The Oscar for lack of personality however should be assigned to Vasile Moldoveanu, the protagonist.  The Romanian tenor maintains a single vocal color and an unvaried facial expression (a light frowning) throughout the opera, no matter what happens to the character he is supposedly impersonating.  This is unfortunate, because the role of Don Carlo, a bundle of neurotic sensitivity, demands—especially in the five-act version—an immense range of emotions.   It is a thinking tenor role.   Moldoveanu rushes through his music and seems to have no clue as to what he is singing.  And the singing is not so great to begin with: forced high notes abound, and the basic timbre is undistinguished and impersonal.

The ladies simply annihilate their male colleagues.  Tatiana Troyanos is superb.  The voice is warm, rich, vibrant.  Her Eboli is elegant, impetuous and passionate.  She translates the wide range of her inspired fraseggio into a singing splendid for its beauty , luminosity and its solid emission.  In the Veil Song she negotiates the Moresque ornaments with an almost ridiculous dexterity, with heavenly ascents to the high register.  She throws herself into “O don fatale” with impetus—too much perhaps, as she runs a bit out of steam at the very end, when she is forced to take two anticlimactic breaths, one right before and one immediately after the B flat on the word “salverò”, thus somewhat spoiling the effect.

Renata Scotto is in my opinion the Elisabetta who most closely adheres to the true nature of this great but elusive character.  Her round, compact and incisive timbre spontaneously suggest the character of  a young woman with vibrant communicativeness, and she does not strain for the magniloquent accents of a supposed regality (a myth pursued by lesser interpreters of this role, and an aspect thoroughly secondary, if not deleterious), but those of a true humanity.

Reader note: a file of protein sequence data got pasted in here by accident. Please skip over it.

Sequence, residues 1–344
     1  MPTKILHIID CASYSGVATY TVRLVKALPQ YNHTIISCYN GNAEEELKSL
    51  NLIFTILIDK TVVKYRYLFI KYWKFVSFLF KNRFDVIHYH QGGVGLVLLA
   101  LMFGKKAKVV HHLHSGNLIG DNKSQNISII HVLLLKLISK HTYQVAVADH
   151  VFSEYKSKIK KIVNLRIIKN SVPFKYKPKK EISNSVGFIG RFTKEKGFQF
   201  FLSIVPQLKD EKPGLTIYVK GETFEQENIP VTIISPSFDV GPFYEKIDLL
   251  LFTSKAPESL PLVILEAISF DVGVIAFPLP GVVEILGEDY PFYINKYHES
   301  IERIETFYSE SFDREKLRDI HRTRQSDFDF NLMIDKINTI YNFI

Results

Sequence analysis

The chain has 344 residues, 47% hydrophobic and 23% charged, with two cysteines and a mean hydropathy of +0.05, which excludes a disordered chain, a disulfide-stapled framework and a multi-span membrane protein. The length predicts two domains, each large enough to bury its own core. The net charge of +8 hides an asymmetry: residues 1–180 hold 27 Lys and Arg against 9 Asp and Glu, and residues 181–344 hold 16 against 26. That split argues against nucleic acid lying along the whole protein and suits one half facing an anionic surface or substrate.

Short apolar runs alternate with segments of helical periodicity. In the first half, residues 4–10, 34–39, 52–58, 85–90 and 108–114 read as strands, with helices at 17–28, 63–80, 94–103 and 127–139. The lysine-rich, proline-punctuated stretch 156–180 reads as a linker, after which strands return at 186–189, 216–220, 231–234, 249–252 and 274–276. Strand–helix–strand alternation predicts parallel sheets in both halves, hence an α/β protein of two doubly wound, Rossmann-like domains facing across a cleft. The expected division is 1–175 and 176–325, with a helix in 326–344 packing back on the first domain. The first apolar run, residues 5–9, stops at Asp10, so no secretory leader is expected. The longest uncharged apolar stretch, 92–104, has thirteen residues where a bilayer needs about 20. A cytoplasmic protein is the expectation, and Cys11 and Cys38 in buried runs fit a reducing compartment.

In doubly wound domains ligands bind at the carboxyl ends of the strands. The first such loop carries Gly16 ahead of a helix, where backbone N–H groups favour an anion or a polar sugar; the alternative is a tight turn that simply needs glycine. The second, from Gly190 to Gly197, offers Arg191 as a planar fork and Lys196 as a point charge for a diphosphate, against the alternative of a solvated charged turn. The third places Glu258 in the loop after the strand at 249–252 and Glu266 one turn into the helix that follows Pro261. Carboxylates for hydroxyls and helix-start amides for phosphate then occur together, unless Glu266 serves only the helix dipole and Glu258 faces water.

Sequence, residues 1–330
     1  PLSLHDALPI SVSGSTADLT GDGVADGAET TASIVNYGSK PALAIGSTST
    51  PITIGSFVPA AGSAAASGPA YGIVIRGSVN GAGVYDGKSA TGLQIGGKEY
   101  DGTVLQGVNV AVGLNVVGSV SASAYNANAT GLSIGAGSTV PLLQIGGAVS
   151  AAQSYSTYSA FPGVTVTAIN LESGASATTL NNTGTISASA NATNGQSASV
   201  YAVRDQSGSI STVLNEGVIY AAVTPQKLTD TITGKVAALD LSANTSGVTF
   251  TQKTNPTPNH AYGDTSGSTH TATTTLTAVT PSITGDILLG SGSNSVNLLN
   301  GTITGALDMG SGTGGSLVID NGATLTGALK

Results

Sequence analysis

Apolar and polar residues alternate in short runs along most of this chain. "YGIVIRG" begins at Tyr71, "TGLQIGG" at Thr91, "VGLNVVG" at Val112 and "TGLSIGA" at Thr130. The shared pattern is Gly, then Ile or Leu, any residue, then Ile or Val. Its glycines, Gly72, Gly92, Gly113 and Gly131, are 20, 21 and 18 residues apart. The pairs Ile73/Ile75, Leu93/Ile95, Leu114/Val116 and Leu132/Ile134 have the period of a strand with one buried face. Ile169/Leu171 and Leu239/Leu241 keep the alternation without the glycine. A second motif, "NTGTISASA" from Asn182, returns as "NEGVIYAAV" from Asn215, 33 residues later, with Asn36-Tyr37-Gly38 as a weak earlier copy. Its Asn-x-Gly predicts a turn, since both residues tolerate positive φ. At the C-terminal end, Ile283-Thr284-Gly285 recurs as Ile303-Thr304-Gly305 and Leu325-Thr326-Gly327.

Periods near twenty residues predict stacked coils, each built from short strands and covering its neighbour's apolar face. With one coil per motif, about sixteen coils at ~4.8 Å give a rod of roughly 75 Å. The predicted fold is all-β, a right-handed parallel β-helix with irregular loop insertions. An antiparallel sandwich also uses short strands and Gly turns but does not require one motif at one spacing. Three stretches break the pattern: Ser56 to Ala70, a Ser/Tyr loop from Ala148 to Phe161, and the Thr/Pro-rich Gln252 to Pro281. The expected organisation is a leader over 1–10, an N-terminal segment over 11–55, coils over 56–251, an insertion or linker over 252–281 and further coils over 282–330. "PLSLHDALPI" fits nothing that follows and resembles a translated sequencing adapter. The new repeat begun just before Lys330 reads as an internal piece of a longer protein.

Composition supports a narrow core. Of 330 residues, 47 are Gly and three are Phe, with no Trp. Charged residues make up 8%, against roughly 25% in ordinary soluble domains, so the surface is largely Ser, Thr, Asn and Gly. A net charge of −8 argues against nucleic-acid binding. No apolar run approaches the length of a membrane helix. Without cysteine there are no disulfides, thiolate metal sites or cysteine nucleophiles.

This is the essential contrast of the opera:  gigantic surroundings where humanity is crushed under the weight of opportunism, ambition, or blind political necessity, which imprison a young but hardly inexperienced woman.  Elisabetta does not belong to that world, but knows it very well; she accepts her destiny with an austere and almost demure melancholy, refusing to sacrifice her human richness.  She may appear to be a victim, but never an unaware victim; on the contrary, she is always perfectly conscious of what is happening to and around her, and why.

The clash between Scotto’s terse, vibrant, extraordinarily expressive singing with the subtle but stunning “cupio dissolvi” of Levine’s orchestra on the one hand develops the character conferring it an authentic and palpitating tragic stature, on the other hand forms a formidably effective narrative contrast.

Even when an artist has the right ideas, he or she can give full life to a character only when the intentions or intuitions are backed by a good technique; Scotto, still in good vocal shape, is an adroit technician, an adept in the art of legato and tasteful portamentos.  The role of Elisabetta calls for a very strong middle register, which is where at this point in her career Scotto’s strength lies, enabling her to concentrate on the realization of a tremendous, ingenious characterization.

A video of the 1983 revival of this same staging has long been commercially available.  Levine is still the conductor, but the cast is completely different.  Louis Quilico is barely acceptable as Posa.  Ferruccio Furlanetto sounds obviously fresher than Jerome Hines.  Preferring Mirella Freni and Grace Bumbry to Scotto and Troyanos is a pure matter of taste, as each of these four ladies is excellent in her own way.  Placido Domingo and Nicolai Ghiaurov, on the other hand, are vast improvements over their 1980 counterparts.

Any true opera lover should own both.